Environmental approval recommended for Yalyalup Mineral Sands Project

19 January 2021 (Last Updated January 19th, 2021 12:09)

The Western Australia (WA) Environmental Protection Authority (EPA) has recommended the environmental approval for the Doral Mineral Sands’ Yalyalup Mineral Sands Project.

Environmental approval recommended for Yalyalup Mineral Sands Project
EPA has recommended environmental approval of Yalyalup sand mine. Credit: keesstes from Pixabay.

The Western Australia (WA) Environmental Protection Authority (EPA) has recommended the environmental approval for the Doral Mineral Sands’ Yalyalup Mineral Sands Project.

Located about 11km south-east of Busselton, the Yalyalup Mineral Sands Project involves the development of mine pits, solar evaporation ponds, a wet concentration processing plant and water management infrastructure.

The EPA’s recommendation for the project’s environmental approval to the Western Australia Minister for Environment is subject to conditions, including minimising the impact to Carnaby’s cockatoo habitat.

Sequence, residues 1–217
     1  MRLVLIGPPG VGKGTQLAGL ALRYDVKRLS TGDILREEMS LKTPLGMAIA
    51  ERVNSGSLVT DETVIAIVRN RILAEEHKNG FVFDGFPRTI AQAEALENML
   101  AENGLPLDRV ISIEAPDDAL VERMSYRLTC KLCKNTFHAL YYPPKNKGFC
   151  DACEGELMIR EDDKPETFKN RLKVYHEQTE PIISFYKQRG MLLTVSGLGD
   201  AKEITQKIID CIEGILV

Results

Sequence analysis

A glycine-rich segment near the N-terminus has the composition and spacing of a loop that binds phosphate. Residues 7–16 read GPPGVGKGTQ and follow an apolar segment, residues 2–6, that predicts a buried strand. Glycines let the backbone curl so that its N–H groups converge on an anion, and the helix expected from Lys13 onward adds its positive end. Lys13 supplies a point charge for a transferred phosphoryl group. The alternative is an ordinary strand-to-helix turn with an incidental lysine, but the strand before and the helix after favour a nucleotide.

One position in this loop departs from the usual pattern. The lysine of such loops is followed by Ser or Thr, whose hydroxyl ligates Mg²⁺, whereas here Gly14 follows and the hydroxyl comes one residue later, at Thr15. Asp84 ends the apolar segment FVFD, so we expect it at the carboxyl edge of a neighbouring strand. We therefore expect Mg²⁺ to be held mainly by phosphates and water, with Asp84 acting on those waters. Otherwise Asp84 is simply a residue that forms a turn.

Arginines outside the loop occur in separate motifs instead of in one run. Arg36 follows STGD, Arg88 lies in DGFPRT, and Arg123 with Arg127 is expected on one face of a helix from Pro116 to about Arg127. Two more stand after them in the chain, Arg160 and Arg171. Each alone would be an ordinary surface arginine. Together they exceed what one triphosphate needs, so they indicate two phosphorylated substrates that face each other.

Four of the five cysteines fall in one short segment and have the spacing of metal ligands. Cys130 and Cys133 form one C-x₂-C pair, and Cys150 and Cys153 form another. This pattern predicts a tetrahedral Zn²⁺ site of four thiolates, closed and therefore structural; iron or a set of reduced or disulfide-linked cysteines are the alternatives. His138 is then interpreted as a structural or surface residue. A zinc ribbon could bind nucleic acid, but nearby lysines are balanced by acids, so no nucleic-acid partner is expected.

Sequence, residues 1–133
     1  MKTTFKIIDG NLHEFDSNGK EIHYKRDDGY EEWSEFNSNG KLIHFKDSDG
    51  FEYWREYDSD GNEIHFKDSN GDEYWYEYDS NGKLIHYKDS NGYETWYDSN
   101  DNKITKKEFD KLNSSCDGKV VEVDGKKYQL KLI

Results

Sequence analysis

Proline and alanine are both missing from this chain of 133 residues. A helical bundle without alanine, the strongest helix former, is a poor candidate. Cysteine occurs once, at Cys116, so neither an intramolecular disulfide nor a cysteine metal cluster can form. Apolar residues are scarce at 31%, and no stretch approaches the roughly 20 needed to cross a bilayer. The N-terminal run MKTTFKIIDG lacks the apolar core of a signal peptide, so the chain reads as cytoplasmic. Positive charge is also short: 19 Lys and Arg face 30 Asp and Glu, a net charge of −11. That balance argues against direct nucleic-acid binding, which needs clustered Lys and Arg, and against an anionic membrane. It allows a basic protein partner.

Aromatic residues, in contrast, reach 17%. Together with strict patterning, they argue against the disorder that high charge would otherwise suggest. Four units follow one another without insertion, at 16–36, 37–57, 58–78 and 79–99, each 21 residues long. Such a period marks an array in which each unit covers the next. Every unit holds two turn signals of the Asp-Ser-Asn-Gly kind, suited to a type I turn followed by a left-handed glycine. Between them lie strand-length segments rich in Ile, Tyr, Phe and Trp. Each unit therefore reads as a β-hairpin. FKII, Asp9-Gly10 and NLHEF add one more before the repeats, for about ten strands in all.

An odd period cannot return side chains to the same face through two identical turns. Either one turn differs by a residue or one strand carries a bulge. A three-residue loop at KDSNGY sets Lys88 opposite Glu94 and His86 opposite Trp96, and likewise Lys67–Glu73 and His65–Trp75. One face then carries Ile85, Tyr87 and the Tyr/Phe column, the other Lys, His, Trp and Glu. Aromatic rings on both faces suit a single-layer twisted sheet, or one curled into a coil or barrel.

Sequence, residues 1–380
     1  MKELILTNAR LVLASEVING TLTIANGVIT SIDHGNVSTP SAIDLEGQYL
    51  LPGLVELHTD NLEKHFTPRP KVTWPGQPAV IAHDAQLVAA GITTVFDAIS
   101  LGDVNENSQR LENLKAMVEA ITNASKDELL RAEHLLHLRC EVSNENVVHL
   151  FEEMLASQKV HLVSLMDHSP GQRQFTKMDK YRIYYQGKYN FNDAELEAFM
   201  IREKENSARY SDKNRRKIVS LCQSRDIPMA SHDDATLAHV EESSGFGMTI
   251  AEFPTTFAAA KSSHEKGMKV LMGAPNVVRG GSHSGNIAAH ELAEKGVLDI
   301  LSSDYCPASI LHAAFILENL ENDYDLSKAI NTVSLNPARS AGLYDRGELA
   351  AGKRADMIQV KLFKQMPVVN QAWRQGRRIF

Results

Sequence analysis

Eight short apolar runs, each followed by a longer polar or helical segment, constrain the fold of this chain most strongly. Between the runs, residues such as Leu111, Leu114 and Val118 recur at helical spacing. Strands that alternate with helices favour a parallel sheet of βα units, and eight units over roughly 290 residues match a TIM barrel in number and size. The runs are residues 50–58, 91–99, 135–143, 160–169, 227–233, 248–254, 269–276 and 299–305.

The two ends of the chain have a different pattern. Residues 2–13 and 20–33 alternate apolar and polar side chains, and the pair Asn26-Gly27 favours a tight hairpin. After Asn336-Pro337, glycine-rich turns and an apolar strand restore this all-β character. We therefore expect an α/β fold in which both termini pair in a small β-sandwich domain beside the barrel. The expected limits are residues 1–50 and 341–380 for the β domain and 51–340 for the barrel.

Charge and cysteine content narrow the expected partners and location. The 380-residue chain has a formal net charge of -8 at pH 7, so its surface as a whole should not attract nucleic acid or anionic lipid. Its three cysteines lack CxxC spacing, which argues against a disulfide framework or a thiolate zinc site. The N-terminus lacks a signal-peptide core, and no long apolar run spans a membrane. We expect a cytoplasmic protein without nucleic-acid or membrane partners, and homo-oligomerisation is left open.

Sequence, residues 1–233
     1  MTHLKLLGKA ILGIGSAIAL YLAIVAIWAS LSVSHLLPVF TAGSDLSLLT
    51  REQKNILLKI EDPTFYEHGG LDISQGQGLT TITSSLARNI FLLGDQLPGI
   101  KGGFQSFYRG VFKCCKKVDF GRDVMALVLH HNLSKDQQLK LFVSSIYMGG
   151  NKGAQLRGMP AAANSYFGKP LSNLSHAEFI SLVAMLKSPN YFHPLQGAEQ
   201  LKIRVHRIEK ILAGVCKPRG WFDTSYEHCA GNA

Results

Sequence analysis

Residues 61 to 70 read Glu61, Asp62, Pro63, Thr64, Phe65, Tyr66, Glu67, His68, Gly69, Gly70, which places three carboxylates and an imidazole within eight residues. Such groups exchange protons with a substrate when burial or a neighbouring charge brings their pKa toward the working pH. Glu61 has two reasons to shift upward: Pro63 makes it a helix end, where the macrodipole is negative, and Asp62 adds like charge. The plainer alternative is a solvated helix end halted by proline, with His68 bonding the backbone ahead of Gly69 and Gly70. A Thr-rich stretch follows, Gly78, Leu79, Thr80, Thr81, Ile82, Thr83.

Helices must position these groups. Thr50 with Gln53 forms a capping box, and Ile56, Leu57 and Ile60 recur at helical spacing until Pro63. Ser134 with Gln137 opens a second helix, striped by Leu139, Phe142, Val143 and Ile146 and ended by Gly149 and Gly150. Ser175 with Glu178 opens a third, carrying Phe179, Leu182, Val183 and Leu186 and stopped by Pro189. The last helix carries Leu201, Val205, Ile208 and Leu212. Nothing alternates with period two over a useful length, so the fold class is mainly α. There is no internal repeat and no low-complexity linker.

EPA deputy chair Lee McIntosh said: “The proposal had the potential to impact on up to three threatened ecological communities, one threatened flora species and a conservation-significant fauna habitat.

“Through the environmental impact assessment process, the proponent has committed to avoid clearing these threatened and significant areas.

“They were also required to prepare management plans to demonstrate how they would manage potential operational impacts such as groundwater drawdown.”

Additionally, the EPA has recommended Doral Mineral Sands, in consultation with the South West Aboriginal Land and Sea Council, to prepare an Abba River Management Strategy.

The EPA’s report to the Minister for Environment is open for public appeal till 1 February 2021.

The wet zircon, ilmenite, leucoxene and rutile concentrate that will be stockpiled by Doral at the site will be transported to the company’s Picton Dry Separation Plant, which is located 60km north-east of the mine.

At the plant, stockpile will be separated using electrostatic processes and will be hauled by truck to either the Bunbury or Fremantle Port for export.

Last year, Australian Potash has received approval from Western Australia’s EPA for the Lake Wells sulphate of potash (SoP) project.